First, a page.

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Tuesday, February 2, 2016

TPPA inevitable even if Sabah autonomous

KOTA KINABALU - Multi-lateral trade pacts are always difficult to negotiate. It took super power America ten years to get 11 other countries on board. Sabah Progressive Party president Datuk Yong Teck Lee said.

Some say that the Trans-Pacific Partnership Agreement is an American agenda to re-assert American leadership over the Trans-Pacific economies to counter the growing China influence he said.

But, he added, unlike what is portrayed by Kota Kinabalu member of parliament Jimmy Wong to join TPPA is not to choose between America and China.

“Malaysia, like the other nine members of ASEAN, is already covered by the China-Asean Free Trade Area (China-AFTA) that took effect in 2010.

“The healthy trade (RM210 billion in 2014) between Malaysia and China will not be affected by TPPA. Our own free trade pact, the Asean FTA, took effect in 1992. Yong said in a statement yesterday.

He added since 1992 trade tariffs among Asean countries (and ever since 2010 with China, India and Japan) have been on a downward trend. 90% of trade is now zero-rated.

" Sabah, as part of Malaysia, already has free trade pacts with our major trading partners. This is good because the single, biggest economic constraint facing Sabah is the smallness of our market.

“That is why we have BIMP-East Asean Growth Area with a population of 57 million. Trade pacts give us market access which we otherwise would not have.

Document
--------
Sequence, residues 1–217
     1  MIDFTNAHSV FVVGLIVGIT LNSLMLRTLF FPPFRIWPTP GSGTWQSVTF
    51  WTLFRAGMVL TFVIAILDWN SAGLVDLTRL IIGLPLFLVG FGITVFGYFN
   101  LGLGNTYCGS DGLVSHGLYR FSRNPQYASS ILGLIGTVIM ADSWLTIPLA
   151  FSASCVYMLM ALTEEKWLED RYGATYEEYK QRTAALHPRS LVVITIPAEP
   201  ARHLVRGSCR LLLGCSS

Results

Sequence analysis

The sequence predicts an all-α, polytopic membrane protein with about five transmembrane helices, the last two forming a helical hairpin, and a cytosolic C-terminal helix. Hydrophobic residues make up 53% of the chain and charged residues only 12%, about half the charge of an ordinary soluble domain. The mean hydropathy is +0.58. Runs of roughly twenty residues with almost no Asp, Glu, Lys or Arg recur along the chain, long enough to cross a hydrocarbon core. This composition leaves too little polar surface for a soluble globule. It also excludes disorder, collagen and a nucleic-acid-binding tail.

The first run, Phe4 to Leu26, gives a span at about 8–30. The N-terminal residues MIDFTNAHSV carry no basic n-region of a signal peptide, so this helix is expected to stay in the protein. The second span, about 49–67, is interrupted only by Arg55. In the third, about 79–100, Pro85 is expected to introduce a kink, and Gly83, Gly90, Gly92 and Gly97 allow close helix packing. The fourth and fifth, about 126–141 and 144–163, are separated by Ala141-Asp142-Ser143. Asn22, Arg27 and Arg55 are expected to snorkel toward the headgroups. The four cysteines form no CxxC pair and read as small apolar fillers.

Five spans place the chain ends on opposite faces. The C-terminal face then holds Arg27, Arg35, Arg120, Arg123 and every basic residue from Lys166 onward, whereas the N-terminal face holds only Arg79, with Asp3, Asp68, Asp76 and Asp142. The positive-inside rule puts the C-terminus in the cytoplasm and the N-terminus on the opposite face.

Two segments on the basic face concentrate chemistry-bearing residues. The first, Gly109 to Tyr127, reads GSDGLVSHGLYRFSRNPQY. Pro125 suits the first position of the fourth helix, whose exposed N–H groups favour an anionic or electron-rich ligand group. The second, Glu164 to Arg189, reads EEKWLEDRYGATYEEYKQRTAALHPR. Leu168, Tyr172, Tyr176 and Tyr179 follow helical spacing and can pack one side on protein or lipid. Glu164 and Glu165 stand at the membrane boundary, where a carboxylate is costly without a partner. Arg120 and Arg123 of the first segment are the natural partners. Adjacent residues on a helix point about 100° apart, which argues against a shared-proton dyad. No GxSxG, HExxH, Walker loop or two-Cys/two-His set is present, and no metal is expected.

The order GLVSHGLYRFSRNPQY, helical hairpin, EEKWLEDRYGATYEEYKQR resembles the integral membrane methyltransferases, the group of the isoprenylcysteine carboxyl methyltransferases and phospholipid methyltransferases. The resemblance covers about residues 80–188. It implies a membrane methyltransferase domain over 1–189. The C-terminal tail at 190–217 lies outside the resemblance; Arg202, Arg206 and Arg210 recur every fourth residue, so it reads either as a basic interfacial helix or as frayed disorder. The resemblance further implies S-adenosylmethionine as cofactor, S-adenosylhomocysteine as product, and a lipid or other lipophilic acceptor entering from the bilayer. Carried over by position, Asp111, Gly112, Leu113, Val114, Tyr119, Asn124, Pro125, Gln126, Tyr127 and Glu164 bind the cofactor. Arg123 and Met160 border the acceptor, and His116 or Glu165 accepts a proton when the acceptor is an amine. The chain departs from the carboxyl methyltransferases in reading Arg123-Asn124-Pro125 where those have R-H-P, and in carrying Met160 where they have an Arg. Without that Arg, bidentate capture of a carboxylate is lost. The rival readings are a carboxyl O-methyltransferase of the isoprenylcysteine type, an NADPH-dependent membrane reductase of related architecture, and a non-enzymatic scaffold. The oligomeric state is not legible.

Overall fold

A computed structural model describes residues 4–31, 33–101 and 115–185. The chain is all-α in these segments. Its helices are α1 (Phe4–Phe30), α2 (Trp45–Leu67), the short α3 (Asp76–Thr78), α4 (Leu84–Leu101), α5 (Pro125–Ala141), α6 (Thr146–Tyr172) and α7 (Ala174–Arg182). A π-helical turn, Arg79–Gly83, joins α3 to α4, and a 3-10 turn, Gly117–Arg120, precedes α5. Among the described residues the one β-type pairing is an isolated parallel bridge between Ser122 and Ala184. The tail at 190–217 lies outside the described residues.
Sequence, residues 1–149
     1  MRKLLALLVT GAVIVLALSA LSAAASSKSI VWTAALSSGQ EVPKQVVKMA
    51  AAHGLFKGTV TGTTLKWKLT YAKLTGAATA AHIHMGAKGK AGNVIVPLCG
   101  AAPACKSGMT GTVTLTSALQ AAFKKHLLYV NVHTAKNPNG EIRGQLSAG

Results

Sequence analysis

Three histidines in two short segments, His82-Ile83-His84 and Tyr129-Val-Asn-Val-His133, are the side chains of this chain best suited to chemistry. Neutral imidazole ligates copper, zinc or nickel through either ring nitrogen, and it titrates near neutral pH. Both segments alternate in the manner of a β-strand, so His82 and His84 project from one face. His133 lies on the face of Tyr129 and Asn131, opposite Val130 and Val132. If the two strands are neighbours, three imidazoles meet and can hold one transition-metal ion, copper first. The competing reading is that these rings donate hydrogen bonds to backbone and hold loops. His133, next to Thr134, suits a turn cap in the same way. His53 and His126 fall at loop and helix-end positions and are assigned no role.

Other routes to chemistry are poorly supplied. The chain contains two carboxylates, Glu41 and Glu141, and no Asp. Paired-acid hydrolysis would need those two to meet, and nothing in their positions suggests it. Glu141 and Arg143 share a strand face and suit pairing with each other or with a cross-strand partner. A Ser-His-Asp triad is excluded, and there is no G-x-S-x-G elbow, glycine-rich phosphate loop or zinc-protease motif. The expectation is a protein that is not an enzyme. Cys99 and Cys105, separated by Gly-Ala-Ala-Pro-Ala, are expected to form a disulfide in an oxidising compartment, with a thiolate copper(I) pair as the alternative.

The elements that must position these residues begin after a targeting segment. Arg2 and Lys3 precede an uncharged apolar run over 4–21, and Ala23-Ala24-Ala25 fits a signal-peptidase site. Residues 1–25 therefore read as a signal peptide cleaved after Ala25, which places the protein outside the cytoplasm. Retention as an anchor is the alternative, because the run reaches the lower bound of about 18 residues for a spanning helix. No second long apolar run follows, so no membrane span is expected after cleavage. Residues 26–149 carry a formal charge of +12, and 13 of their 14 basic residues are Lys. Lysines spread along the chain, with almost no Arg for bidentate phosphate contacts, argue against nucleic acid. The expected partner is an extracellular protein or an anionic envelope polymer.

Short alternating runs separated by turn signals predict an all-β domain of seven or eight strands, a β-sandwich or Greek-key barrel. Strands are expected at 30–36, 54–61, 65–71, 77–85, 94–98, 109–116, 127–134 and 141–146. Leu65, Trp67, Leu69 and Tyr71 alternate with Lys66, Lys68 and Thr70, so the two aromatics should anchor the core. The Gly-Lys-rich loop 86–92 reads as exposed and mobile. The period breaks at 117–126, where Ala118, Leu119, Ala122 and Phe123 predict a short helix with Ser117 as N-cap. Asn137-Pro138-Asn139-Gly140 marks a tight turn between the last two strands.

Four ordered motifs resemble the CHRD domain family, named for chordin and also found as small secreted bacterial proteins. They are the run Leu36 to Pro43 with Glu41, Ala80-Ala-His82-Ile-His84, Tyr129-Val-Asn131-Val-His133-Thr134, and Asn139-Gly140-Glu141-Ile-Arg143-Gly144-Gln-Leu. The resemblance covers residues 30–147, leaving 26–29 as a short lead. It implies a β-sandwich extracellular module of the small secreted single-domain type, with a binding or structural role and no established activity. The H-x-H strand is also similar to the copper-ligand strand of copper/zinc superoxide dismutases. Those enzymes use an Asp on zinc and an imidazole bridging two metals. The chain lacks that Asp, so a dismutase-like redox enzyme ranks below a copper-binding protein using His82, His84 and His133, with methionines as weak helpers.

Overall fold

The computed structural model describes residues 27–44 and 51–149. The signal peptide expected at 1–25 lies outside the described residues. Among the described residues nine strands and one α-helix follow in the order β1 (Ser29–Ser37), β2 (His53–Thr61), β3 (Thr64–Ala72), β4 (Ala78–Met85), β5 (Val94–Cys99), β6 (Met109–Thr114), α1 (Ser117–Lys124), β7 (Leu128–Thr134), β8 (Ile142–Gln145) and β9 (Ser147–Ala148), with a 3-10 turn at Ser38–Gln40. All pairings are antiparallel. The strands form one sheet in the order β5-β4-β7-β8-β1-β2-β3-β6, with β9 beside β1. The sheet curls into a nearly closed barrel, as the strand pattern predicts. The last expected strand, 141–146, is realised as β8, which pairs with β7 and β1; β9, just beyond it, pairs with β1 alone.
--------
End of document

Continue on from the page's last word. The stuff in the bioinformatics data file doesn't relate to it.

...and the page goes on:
“When TPPA came along, no small country can ignore it. Each and every country fought hard to get the best possible deal. Nobody wins all or loses all. What would Sabah do if Sabah had full autonomy on international trade? Would Sabah opt out of the TPPA?” said Yong who is a former chief minister.

He further pointed out that TPPA have tough provisions on financial services, dispute settlement, environment and labour standards, protection of intellectual property, anti-corruption and other matters that might be challenging for some sectors of our economy.

“Sabah's biggest export item, which is also the Sabah government's biggest revenue earner, palm oil, is not covered by any trade agreement with America, the world's biggest economy.

“TPPA provides for the gradual abolition of import tariffs of palm oil into America, Canada, Peru and Mexico, the last four TPPA countries that still impose duties on palm oil at up to 11% (America 6%).

“On the other hand, it will be several more years before, Indonesia, our biggest palm oil competitor, can join TPPA. Hence, Sabah's palm oil has a headway to penetrate TPPA markets before Indonesia, “ he said.

Yong further said thatPalm oil was Sabah's saviour during the Asian Financial Crisis of 1997-98. The palm oil sector continues to support other sectors of the Sabah economy with its multiplier effects.

TPPA will benefit this sector. These facts are completely opposite of what the MP for Kota Kinabalu said,” he said.

Yong added It was to be expected that both opposition and ruling party MPs dutifully voted according to party lines on the TPPA bill in Parliament.

“But it is important that our MPs understand what they are voting for or against.”

- The Borneo Post.

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